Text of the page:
Law Enforcement Effort
Today, federal authorities—including the Department of Justice and the FBI—announced a major coordinated law enforcement effort to disrupt international business e-mail compromise (BEC) schemes that are designed to intercept and hijack wire transfers from businesses and individuals.
Operation WireWire—which also included the Department of Homeland Security, the Department of the Treasury, and the U.S. Postal Inspection Service—involved a six-month sweep that culminated in over two weeks of intensified law enforcement activity resulting in 74 arrests in the U.S. and overseas, including 42 in the U.S., 29 in Nigeria, and three in Canada, Mauritius, and Poland. The operation also resulted in the seizure of nearly $2.4 million and the disruption and recovery of approximately $14 million in fraudulent wire transfers.
A number of cases charged in this operation involved international criminal organizations that defrauded small- to large-sized businesses, while others involved individual victims who transferred high-dollar amounts or sensitive records in the course of business. The devastating impacts these cases have on victims and victim companies affect not only the individual business but also the global economy. Since the Internet Crime Complaint Center (IC3) began formally keeping track of BEC and its variant, e-mail account compromise (EAC), there has been a loss of over $3.7 billion reported to the IC3.
BEC, also known as cyber-enabled financial fraud, is a sophisticated scam that often targets employees with access to company finances and trick them—using a variety of methods like social engineering and computer intrusions—into making wire transfers to bank accounts thought to belong to trusted partners but instead belong to accounts controlled by the criminals themselves. And these same criminal organizations that perpetrate BEC schemes also exploit individual victims—often real estate purchasers, the elderly, and others—by convincing them to make wire transfers to bank accounts controlled by the criminals.
Foreign citizens perpetrate many of these schemes, which originated in Nigeria but have spread throughout the world.
During Operation WireWire, U.S. law enforcement agents executed more than 51 domestic actions, including search warrants, asset seizure warrants, and money mule warning letters. And local and state law enforcement partners on FBI task forces across the country, with the assistance of multiple district attorney’s offices, charged 15 alleged money mules for their roles in defrauding victims.
The role of money mules, witting or unwitting, in BEC schemes is very important—they are used to receive the stolen money and then transfer the funds as directed by the fraudsters. The mules usually keep a fraction of the money for their trouble.
“We will continue to work together with our law enforcement partners around the world to end these fraud schemes and protect the hard-earned assets of our citizens.”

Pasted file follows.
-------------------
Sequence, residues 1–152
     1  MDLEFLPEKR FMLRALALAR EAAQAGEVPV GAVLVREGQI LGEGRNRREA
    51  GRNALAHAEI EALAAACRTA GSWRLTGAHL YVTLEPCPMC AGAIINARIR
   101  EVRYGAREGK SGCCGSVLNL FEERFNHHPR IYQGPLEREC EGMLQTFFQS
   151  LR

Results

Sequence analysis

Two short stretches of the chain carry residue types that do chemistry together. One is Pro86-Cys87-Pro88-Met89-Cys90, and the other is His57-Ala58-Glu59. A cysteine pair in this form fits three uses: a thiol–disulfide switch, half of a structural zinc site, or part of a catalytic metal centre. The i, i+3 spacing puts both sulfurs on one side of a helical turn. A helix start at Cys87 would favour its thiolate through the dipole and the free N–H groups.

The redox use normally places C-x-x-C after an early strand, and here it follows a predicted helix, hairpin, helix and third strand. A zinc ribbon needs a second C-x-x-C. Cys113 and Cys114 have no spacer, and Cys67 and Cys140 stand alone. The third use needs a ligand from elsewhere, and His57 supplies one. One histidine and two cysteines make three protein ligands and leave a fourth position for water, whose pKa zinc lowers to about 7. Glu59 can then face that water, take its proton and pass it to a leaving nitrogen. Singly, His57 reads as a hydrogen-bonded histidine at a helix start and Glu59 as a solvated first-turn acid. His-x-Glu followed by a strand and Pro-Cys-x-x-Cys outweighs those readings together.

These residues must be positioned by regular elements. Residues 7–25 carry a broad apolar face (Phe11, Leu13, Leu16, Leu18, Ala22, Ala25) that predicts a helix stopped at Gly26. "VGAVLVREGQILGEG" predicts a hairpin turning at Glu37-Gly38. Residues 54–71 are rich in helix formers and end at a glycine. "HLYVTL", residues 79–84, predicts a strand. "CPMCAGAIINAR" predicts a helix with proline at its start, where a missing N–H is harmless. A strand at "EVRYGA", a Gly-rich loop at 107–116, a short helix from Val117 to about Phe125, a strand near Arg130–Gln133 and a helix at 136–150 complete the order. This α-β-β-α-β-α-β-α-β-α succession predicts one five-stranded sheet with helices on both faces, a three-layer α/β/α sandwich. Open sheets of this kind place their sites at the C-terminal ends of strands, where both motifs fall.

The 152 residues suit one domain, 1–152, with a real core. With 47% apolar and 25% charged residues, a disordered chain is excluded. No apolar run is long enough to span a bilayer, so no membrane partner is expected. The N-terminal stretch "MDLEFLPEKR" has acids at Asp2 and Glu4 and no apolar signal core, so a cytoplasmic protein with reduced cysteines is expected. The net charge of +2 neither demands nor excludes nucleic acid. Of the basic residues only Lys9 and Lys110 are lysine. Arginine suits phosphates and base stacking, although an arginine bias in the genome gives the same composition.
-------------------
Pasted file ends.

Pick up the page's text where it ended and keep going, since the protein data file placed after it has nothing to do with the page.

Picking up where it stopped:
FBI Director Christopher Wray
Today’s announcement highlighting this recent surge in law enforcement resources targeting BEC schemes “demonstrates the FBI’s commitment to disrupt and dismantle criminal enterprises that target American citizens and their businesses,” according to FBI Director Christopher Wray.
And he added, “We will continue to work together with our law enforcement partners around the world to end these fraud schemes and protect the hard-earned assets of our citizens. The public we serve deserves nothing less.”
Awareness of BEC Schemes Can Safeguard Your Business
BEC schemes continue to evolve as criminals come up with new and inventive ways to scam businesses.
Here are the most current and frequent BEC scenarios identified by the FBI:
- Business Executive: Criminals spoof or compromise e-mail accounts of high-level business executives, including chief information officers and chief financial officers, which result in the processing of a wire transfer to a fraudulent account
- Real Estate Transactions: Criminal impersonate sellers, realtors, title companies, or law firms during a real estate transaction to ask the home buyer for funds to be sent to a fraudulent account
- Data and W-2 Theft: Criminals, using a compromised business executive’s e-mail account, send fraudulent requests for W-2 information or other personally identifiable information to an entity in an organization that routinely maintains that sort of information
- Supply Chain: Criminals send fraudulent requests to redirect funds during a pending business deal, transaction, or invoice payment to an account controlled by a money mule or bad actor
- Law Firms: Criminals find out about trust accounts or litigation and impersonate a law firm client to change the recipient bank information to a fraudulent account.
If you think you may have been victimized in a BEC scheme, please file a complaint with the IC3. The more information law enforcement has on these scams, the better equipped we’ll be to combat them.
And to further educate yourself on BEC schemes to help protect your business, read more about how BEC schemes work and how you can avoid being victimized. You can also take a look at this IC3 public service announcement on BEC schemes.